WeekendWorkshops.I have been intermittently traveling for over a year now to bring my teaching, workshops and book (www.theexaminedlifebook.com) all over the country and the world, so when a student asked me when I would be giving workshops in Montreal, I realized that by bringing my gig all over the globe, I was essentially ignoring my home town. The workshops I typically give in Montreal are either associated to teacher training programs or festivals, available exclusively to those who have enrolled in whatever event I’m on the faculty of. And so I began thinking about creating a full weekend of workshops available to everyone and anyone, here in Montreal. And once I started thinking about it, as one would expect, more and more students started approaching me asking me for exactly what I had started planning.

The dates are now set, the location is cemented and I have begun putting together the entire weekend. Most of the subject matter is information I’ve been working with over the last few years on a regular basis, but I have never been bold enough to bring it all together into one cohesive and cathartic weekend…until now.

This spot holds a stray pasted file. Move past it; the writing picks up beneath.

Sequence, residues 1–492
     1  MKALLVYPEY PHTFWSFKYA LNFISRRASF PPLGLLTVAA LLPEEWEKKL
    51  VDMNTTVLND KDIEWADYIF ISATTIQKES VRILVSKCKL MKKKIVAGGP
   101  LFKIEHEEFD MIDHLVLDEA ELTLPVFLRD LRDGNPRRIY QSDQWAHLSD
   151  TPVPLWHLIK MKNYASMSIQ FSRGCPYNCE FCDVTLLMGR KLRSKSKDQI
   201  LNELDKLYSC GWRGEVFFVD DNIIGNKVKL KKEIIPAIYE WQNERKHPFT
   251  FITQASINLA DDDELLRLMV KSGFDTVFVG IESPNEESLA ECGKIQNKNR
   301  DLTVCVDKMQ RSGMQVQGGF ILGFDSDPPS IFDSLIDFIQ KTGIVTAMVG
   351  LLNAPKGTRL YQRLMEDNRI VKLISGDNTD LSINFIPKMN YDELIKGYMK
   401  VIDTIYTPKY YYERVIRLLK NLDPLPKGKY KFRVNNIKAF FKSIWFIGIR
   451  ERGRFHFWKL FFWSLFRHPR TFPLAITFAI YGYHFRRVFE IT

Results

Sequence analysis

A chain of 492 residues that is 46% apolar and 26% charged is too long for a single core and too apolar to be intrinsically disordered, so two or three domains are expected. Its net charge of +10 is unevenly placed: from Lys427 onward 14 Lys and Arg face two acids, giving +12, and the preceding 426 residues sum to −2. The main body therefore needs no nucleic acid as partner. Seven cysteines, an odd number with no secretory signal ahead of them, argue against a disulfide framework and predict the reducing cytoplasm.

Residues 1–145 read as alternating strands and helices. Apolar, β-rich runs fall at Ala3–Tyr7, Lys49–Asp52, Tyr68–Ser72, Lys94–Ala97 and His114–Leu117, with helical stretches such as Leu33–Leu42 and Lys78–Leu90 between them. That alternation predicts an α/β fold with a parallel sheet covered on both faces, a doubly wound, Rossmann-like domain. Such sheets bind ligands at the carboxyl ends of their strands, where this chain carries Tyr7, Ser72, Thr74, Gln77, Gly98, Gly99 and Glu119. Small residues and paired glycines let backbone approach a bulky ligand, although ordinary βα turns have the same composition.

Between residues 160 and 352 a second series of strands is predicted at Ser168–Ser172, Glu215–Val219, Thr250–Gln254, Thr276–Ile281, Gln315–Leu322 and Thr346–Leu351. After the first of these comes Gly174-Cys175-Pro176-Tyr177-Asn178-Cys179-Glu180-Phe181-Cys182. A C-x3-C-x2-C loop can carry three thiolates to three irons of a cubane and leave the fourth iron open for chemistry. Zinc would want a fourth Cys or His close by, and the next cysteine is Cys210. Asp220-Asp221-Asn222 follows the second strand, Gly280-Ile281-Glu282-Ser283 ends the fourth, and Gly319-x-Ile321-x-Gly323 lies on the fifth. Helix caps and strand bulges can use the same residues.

The weekend will start off Friday evening with Intro to iRest® Yoga Nidra and will kick the weekend off with basic spiritual teachings as well as the opportunity to simply be with whatever is for each and every participant. The basic outline of this inquisitive and informative modality will be presented along with worksheets for participants to get down in black and white what their experience is. We will examine everything from intention to emotions to core beliefs, and we’ll do it from a place of pure witnessing, where nothing needs to be judged, changed, suppressed or aggressively expressed. A 30-35 minute practice will follow, and we will finish up this introductory module with conversation and observations from everyone wanting to share.